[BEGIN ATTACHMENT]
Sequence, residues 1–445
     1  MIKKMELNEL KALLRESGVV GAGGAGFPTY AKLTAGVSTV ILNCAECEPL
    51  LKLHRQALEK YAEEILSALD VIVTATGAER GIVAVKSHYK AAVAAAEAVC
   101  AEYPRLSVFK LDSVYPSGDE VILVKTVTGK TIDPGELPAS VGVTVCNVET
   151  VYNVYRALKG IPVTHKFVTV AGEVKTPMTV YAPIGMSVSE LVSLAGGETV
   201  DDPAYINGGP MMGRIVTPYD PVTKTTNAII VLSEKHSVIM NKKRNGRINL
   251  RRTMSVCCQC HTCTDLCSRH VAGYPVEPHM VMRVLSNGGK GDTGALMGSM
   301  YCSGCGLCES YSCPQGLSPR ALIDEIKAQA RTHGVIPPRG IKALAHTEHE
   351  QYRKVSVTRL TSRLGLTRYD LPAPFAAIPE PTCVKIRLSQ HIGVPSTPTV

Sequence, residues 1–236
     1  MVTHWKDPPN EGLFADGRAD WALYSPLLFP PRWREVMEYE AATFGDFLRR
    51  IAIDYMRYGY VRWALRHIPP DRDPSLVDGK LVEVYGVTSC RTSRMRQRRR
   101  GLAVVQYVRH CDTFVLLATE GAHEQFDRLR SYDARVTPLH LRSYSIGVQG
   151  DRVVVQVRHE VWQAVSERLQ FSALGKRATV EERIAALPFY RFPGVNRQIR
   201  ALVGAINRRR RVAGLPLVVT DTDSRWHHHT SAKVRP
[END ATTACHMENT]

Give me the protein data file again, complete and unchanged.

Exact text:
Sequence, residues 1–445
     1  MIKKMELNEL KALLRESGVV GAGGAGFPTY AKLTAGVSTV ILNCAECEPL
    51  LKLHRQALEK YAEEILSALD VIVTATGAER GIVAVKSHYK AAVAAAEAVC
   101  AEYPRLSVFK LDSVYPSGDE VILVKTVTGK TIDPGELPAS VGVTVCNVET
   151  VYNVYRALKG IPVTHKFVTV AGEVKTPMTV YAPIGMSVSE LVSLAGGETV
   201  DDPAYINGGP MMGRIVTPYD PVTKTTNAII VLSEKHSVIM NKKRNGRINL
   251  RRTMSVCCQC HTCTDLCSRH VAGYPVEPHM VMRVLSNGGK GDTGALMGSM
   301  YCSGCGLCES YSCPQGLSPR ALIDEIKAQA RTHGVIPPRG IKALAHTEHE
   351  QYRKVSVTRL TSRLGLTRYD LPAPFAAIPE PTCVKIRLSQ HIGVPSTPTV

Sequence, residues 1–236
     1  MVTHWKDPPN EGLFADGRAD WALYSPLLFP PRWREVMEYE AATFGDFLRR
    51  IAIDYMRYGY VRWALRHIPP DRDPSLVDGK LVEVYGVTSC RTSRMRQRRR
   101  GLAVVQYVRH CDTFVLLATE GAHEQFDRLR SYDARVTPLH LRSYSIGVQG
   151  DRVVVQVRHE VWQAVSERLQ FSALGKRATV EERIAALPFY RFPGVNRQIR
   201  ALVGAINRRR RVAGLPLVVT DTDSRWHHHT SAKVRP